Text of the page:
There are two unfair and irrational ways to look at this allegation. One, of course, is simply to decide that because you already opposed or supported Kavanaugh, that should determine whether you think the charge is true (or useful). That’s the partisan route, and it treats individuals caught up in political fights as fungible and disposable parts.

The other is to decide that, because the allegations remind you vaguely of some charge in the past that turned out to be true, or false, or because you want accusers to generally be believed, you should just decide the same has to be true here regardless of the particular facts.

Dan Maclaughlin

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Progressive clobber passages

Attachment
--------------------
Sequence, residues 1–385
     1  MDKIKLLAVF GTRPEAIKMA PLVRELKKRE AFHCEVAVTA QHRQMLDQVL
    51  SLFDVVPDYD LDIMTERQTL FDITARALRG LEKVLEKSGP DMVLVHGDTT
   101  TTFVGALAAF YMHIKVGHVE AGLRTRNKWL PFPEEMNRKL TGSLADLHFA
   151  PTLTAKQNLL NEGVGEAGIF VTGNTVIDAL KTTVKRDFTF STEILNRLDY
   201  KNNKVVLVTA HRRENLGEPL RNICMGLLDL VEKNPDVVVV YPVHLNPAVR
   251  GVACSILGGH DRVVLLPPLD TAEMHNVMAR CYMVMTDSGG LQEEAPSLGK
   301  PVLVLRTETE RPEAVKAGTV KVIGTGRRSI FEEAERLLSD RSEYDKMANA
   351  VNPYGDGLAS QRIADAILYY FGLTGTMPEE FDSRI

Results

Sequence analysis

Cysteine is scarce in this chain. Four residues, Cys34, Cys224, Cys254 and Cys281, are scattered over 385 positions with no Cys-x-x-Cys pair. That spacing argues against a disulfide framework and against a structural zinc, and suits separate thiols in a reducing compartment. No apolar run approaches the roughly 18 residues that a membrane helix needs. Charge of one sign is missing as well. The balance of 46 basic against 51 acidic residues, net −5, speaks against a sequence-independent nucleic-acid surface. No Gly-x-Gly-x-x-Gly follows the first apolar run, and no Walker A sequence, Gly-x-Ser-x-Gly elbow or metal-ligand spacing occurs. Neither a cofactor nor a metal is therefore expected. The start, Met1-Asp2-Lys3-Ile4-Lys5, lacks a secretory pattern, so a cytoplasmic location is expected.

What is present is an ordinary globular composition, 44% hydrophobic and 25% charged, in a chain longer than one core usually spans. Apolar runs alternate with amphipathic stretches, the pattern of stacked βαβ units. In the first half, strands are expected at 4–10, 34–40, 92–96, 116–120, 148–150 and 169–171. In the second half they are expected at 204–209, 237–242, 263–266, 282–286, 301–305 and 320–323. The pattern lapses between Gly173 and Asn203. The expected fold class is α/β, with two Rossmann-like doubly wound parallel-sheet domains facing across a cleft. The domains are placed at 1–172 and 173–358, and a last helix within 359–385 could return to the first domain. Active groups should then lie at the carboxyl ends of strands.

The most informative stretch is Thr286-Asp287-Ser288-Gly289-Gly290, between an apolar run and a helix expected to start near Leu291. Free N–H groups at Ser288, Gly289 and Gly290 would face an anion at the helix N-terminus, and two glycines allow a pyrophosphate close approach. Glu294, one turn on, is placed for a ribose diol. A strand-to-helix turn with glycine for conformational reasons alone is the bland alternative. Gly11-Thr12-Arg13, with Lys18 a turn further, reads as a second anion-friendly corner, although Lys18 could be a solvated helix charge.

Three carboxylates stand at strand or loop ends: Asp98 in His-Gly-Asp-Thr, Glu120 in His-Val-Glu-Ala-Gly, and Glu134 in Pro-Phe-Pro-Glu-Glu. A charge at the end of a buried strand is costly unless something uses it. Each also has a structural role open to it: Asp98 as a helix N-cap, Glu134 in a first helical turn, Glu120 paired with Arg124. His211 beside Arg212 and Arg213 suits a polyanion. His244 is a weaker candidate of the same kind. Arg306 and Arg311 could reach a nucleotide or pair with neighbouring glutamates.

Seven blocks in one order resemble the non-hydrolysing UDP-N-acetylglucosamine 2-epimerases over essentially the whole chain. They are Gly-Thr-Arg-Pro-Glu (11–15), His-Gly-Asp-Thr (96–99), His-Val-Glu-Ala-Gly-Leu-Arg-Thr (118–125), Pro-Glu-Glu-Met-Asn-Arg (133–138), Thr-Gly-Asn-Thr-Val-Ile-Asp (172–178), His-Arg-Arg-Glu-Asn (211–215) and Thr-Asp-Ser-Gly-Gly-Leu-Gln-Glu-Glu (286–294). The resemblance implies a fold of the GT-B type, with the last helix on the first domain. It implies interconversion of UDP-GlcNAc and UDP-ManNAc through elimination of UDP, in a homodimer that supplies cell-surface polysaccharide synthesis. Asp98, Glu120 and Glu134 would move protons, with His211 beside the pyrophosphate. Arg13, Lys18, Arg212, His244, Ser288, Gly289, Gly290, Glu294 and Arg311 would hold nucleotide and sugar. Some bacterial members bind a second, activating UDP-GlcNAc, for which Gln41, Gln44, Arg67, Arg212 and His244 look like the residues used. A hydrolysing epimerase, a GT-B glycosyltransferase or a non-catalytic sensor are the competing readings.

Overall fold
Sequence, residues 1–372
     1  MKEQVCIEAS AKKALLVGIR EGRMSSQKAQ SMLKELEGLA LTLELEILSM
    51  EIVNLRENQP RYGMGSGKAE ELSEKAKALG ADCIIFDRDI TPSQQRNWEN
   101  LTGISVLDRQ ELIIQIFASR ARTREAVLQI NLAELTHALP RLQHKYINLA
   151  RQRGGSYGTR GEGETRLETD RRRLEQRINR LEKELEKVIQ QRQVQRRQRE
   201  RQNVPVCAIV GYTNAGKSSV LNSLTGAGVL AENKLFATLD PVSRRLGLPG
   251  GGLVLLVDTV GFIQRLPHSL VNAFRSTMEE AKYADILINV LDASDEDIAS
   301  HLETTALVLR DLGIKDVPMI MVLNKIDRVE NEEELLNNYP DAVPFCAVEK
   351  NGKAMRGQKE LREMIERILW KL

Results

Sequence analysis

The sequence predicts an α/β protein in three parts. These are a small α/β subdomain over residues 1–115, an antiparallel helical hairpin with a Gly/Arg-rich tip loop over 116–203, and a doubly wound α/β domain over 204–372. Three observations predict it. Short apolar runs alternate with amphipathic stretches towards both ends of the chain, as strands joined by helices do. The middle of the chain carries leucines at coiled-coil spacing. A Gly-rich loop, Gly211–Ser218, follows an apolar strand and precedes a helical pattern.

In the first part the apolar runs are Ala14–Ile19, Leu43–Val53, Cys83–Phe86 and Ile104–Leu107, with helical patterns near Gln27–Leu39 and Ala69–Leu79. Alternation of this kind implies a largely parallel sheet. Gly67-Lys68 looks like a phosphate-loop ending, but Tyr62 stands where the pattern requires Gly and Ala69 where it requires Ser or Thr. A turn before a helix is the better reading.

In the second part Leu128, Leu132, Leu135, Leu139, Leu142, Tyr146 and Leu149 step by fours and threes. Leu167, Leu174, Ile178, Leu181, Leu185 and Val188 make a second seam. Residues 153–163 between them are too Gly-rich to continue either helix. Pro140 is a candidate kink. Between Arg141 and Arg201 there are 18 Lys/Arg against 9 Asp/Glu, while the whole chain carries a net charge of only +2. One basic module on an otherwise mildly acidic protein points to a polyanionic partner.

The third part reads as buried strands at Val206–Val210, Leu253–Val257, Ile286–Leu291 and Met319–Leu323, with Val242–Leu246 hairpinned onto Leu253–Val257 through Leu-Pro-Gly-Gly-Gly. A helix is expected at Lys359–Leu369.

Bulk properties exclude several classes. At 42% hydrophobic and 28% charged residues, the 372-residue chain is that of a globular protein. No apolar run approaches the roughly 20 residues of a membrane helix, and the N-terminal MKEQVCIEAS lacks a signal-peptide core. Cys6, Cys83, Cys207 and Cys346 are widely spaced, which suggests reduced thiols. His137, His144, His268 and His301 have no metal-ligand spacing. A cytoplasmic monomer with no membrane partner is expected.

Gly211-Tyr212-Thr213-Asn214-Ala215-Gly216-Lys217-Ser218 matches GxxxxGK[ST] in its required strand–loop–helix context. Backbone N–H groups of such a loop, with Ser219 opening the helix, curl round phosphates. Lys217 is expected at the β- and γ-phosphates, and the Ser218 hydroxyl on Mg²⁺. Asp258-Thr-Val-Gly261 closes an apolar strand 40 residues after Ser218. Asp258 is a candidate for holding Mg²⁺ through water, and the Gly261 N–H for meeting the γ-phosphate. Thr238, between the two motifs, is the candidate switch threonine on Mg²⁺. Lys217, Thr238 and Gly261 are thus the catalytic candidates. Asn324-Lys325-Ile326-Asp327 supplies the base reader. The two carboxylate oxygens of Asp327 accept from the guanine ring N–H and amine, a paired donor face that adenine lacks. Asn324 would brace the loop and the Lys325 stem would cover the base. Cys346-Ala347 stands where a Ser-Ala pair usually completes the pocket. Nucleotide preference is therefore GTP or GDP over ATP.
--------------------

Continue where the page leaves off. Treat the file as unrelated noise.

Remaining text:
A Facebook exchange a few years ago produced a minor epiphany.

I observed that my Facebook friend, a high school classmate at an Evangelical boarding school (who now has expressly apostasized and gone kind of New Agey and knee-jerk Left), was credulous about some leftish things, but that we both were products of the sixties. “We are so much reverse mirror images” I wrote. He replied:

I don’t consider myself to be a Christian, but I do think the philosophy [Jesus] preached is a good one. You know, peace, love and helping your fellow man. Also protest the actions of the money-changers. The Republicans who claim to be Christians have no use for that kind of nonsense. Democrats, at least, are more inclined to think in those terms.